With a more complex model and rig, you can make stunning animations! Look into weight painting for rigging which makes the job 10 times easier! Now that you have the basic idea how to rig and animate, go try your own model. Some models with hands may need over 100 bones; it all depends on how complex the model is and how much you want to be able to move it.

I hope you enjoyed this tutorial, but learned from it too. It may not seem like much, but it's where every animator starts...

-Mobster

Post comment Comments
cW#Ravenblood
cW#Ravenblood Jan 4 2011, 10:43am says:

lol.
Will come back tomorrow..

+2 votes     reply to comment
Mobster103
Mobster103 Jan 5 2011, 8:36pm replied:

It's done :)

+2 votes     reply to comment
IWANNAKILL
IWANNAKILL Jan 6 2011, 2:00am says:

So if I used weight paint for this, it would be easier ? :D

+2 votes     reply to comment
Mobster103
Mobster103 Jan 23 2011, 3:27pm replied:

haha not this necessarily but for more advanced rigs, yes

+3 votes     reply to comment
Metalspy
Metalspy Jan 19 2011, 9:41am says:

This is for Blender 2.49 right?
I can't seem to find the armature settings in 2.56a :/ I picked up Blendering (lol) after about two years and I'm having trouble finding everything in 2.5 :(

EDIT: Nevermind, the tutorial wasn't very clear were I had to look.

+2 votes     reply to comment
Mobster103
Mobster103 Jan 23 2011, 3:27pm replied:

ahh yes sorry. This is 2.49

+2 votes     reply to comment
Kdog42coleman
Kdog42coleman Dec 13 2011, 9:30am replied:

Go to add, up at the top. Then it will have a scroll bar. Look at it until you find bone click it and their you go

+1 vote     reply to comment
booman
booman Apr 26 2011, 3:24pm says:

Cool tutorial... One day I will hop into animation...
do the bones and frames of animation export with FBX or PSK formats to use in UDK?

+1 vote     reply to comment
Alendor
Alendor Nov 5 2011, 1:46am says:

I read this, and just felt that i should comment. Anyone looking to start animation. you should never animate to 15 fps. if your animation is too fast, move/scale the keyframes, do not get in the habbit of changing your fps for the desired speed. its best to stick to 30 fps for games, and animate to it. don't just animate and then set an fps to make it look like its the best speed, in the end you want your animation playback to be 30 fps. use your keyframes to control speed, not fps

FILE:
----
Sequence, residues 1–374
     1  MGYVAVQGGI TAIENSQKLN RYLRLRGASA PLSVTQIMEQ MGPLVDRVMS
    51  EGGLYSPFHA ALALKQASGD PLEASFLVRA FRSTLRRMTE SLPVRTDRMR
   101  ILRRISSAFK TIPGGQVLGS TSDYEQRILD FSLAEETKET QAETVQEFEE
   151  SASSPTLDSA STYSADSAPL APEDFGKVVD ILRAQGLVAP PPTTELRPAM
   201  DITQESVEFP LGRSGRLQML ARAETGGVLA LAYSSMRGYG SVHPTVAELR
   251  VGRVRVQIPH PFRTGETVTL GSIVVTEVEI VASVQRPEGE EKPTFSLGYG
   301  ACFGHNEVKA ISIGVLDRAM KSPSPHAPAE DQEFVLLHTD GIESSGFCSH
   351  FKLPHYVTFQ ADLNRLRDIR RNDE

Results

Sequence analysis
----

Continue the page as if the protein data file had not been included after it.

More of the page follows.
also the best place to start is a bouncing ball animation. a gun isn't the best area to start learning animation.

its good to make an animation tutorial, not enough of them floating around, and its a very entertaining yet underappreciated aspect of game developement

+1 vote     reply to comment
Mobster103
Mobster103 Feb 12 2012, 4:12pm says:

I do realize that it is best to animate at higher frames per second, however Quake mods tend to run better when the mdl models have less frames in them. If you let the space between each key determine your speed, that will obviously result in a much higher frame count. My main goal was to inform the psp mod community, so maybe I should have stated that more clearly. Thanks for the feedback regardless!

+1 vote     reply to comment
Batrevolution
Batrevolution Jan 6 2013, 10:43pm says:

could i use blender to change the moddle of a person in a game

+1 vote     reply to comment